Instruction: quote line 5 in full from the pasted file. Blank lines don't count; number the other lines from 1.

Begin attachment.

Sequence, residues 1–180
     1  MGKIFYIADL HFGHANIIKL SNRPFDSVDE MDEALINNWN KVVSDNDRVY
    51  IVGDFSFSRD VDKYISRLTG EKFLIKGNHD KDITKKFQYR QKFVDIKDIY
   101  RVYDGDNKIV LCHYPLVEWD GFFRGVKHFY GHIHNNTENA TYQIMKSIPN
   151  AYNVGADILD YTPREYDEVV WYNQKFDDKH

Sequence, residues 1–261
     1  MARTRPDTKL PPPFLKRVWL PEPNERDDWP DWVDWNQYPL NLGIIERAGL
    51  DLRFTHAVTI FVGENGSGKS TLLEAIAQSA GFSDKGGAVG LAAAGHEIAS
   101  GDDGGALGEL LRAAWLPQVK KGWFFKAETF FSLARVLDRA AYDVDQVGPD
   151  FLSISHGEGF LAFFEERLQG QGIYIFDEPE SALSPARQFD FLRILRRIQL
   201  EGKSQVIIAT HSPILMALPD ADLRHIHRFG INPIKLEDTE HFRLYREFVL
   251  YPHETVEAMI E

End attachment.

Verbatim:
   151  AYNVGADILD YTPREYDEVV WYNQKFDDKH